Comic Relief: A Comprehensive Philosophy of Humor develops an inclusive theory that integrates psychological, aesthetic, and ethical issues relating to humor Offers an enlightening and accessible foray into the serious business of humor Reveals how standard theories of humor fail to explain its true nature and actually support traditional prejudices against humor as being antisocial, irrational, and foolish Argues that humor’s benefits overlap significantly with those of philosophy Includes a foreword by Robert Mankoff, Cartoon Editor of The New Yorker.
This book assesses the adequacy of the traditional theories of laughter and humor, suggests revised theories, and explores such areas as the aesthetics and ethics of humor, and the relation of amusement to other mental states. Theories of laughter and humor originated in ancient times with the view that laughter is an expression of feelings of superiority over another person. This superiority theory was held by Plato, Aristotle, and Hobbes. Another aspect of laughter, noted by Aristotle and Cicero and neglected (...) until Kant and Schopenhauer developed it into the incongruity theory, is that laughter is often a reaction to the perception of some incongruity. According to the third and latest traditional theory, the relief theory of Herbert Spencer and Freud, laughter is the venting of superfluous nervous energy. Historical examples of all these theories are presented along with hybrid theories such as those of Descartes and Bergson. The book also features traditional explorations of the place of humor in aesthetics, drama, and literature. This is the first work in the last fifty years to include the classic sources in the philosophy of humor and the first to present theories by contemporary philosophers. (shrink)
I examine three main objections to humor in western thought--That humor is hostile, That it is irrational, And that it is irresponsible. None of these, I show, Is a valid general objection to humor. I then explore some of the values of humor overlooked in western thought, Especially the way it gets us to see things in new ways and liberates us from practical concern. I contrast the western rejection of humor with the embracing of humor in zen, Showing the (...) connection between the nonattachment emphasized in zen and the "distancing" in humor. (shrink)
Tragedy has traditionally been ranked higher than comedy, and critics often valorize the ‘tragic vision of life’. Using twenty contrasts between tragedy and comedy, I argue that there is a ‘comic vision of life’ which is superior to the tragic vision, especially in the post-heroic era in which we live.
Although not a great deal has been said about heaven in the Christian tradition, it is part of the traditional notion of heaven that the blessed are in a condition of perfect happiness. In this life we can be happy to a certain degree, but mixed with earthly happiness is disappointment, frustration, and even sorrow. In heaven, by contrast, there is no sadness, nothing is lacking, happiness is complete. The usual way of explaining this perfect happiness is in terms of (...) the ‘beatific vision’ – the face to face relationship of knowing and loving God which the blessed enjoy. On earth we experience only finite objects; nothing that we come to know ever completely satisfies our desire to know, and nothing that we love ever completely satisfies our will. But in the beatific vision we shall be in a direct relationship with the infinite God, who in his boundless perfection will completely ‘fill up’ our capacities to know and love. As the completely adequate object of these capacities, God will make us perfectly happy. As Aquinas puts it, ‘…But if God alone were seen, who is the fount and source of all being and of all truth, he would so fill the natural desire for knowledge that nothing else would be desired, and the seer would be completely happy.’. (shrink)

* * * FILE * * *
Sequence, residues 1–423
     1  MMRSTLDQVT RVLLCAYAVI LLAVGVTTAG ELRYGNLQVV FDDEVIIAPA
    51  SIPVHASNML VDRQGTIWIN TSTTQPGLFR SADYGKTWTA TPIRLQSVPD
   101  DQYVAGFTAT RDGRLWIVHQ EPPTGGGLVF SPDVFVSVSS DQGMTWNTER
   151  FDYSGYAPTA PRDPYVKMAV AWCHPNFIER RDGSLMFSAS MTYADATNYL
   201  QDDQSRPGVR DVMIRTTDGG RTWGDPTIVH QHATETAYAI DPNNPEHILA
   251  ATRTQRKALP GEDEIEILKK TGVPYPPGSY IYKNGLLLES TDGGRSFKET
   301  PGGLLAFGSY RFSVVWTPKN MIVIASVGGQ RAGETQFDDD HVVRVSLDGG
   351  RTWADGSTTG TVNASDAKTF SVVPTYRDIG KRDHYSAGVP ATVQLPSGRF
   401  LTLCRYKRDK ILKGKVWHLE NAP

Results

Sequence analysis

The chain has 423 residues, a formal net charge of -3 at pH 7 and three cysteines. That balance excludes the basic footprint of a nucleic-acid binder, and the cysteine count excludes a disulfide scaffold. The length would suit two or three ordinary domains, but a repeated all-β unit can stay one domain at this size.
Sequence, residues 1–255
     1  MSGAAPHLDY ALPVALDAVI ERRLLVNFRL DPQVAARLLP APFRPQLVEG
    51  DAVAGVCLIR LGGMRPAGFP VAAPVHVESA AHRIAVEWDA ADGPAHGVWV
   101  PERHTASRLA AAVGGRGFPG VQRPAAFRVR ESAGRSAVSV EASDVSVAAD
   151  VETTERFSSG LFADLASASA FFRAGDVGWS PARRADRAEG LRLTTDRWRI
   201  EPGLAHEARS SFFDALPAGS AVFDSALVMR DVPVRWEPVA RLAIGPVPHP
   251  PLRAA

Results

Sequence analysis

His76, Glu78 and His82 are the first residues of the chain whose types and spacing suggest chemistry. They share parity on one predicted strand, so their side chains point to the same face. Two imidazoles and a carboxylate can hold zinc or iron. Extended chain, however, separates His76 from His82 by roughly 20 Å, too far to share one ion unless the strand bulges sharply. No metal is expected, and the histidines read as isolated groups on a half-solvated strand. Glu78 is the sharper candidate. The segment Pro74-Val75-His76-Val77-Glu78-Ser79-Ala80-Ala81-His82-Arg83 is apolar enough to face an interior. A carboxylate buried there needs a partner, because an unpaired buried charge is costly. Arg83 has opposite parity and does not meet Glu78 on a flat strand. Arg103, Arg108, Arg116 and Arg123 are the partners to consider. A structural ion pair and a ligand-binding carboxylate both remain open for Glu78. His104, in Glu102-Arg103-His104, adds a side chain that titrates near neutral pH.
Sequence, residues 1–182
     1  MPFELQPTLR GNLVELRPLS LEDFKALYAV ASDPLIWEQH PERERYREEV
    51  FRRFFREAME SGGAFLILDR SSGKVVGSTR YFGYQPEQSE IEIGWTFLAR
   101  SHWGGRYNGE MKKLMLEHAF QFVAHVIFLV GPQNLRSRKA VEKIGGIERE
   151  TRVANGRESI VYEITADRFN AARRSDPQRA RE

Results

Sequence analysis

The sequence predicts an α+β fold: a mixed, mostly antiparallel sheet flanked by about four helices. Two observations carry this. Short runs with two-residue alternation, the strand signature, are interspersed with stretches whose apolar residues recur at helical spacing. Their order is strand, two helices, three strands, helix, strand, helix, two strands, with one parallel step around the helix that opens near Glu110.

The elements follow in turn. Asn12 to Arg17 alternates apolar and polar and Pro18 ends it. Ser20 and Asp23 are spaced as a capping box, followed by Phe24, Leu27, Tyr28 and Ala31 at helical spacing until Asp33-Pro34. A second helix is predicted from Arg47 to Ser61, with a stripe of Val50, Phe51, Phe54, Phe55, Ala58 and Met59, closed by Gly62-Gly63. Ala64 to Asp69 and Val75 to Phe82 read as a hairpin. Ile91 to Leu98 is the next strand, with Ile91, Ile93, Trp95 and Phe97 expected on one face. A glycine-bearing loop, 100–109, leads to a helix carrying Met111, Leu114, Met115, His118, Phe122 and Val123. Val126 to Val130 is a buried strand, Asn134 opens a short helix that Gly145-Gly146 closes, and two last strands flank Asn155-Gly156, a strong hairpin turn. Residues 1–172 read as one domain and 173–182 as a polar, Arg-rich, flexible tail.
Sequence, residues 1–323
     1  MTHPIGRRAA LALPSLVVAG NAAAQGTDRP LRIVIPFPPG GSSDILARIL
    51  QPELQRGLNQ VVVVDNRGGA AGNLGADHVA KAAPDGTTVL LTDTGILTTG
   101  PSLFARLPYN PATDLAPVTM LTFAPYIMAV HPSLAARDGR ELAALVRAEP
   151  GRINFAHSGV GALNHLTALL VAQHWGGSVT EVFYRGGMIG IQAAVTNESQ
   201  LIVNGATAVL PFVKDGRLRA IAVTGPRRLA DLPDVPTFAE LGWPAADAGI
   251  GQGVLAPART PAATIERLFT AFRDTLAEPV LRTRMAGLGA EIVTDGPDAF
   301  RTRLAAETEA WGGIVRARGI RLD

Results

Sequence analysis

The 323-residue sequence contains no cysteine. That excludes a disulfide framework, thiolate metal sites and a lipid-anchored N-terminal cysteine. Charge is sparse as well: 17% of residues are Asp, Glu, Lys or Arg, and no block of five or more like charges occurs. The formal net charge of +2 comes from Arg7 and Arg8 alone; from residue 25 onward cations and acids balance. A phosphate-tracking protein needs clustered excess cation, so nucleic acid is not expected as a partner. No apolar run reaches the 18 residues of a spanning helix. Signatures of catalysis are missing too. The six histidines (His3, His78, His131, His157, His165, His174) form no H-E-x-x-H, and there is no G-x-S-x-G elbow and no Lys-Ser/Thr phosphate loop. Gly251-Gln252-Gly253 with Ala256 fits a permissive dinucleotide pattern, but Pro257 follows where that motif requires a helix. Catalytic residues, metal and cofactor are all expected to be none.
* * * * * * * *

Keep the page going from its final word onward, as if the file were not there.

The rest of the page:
Any reflective account of theological language acknowledges very early that words drawn from our experience with creatures have special meanings when applied to God. Because God transcends the created world, we cannot take predicates which apply to creatures and apply them to God without modification. And the more transcendent God is understood to be, the more modified will our language taken from creatures have to be when it is used in theology. A primitive theism which thinks of God simply as (...) a very powerful person will view the difference between God and creatures as merely a matter of degree and not of kind. In such a view God transcends things in the world only in that he has a greater degree of the properties we find in creatures, so that predicates taken from creatures, ‘wise’ and ‘strong’, for example, can be applied to God in almost a straightforward way. The only change in meaning is that God is more knowing and strong er . In a more sophisticated theism such as Judaism or Christianity, on the other hand, God' transcendence is seen not simply as a difference in degrees of properties, but as a difference in kind. The being God is is radically other than the kinds of beings we find in the created world. Indeed, it is sometimes claimed that God is not even ‘a being’, a thing which exists; rather God is ‘being itself’, ‘pure existence’. Aquinas, for instance, held that God does not have properties. God is absolutely simple, and so if we can talk about properties at all in talking about God, we have to say that God is identical to God' properties. God, too, differs radically from creatures in that he is not in time and space, nor is he dependent on anything else. But our language used with creatures is full of explicit or implicit references to time and space and to dependence, so that we cannot take our ordinary terms derived from our experience with spatio-temporal, dependent creatures and apply them straightforwardly to God. (shrink)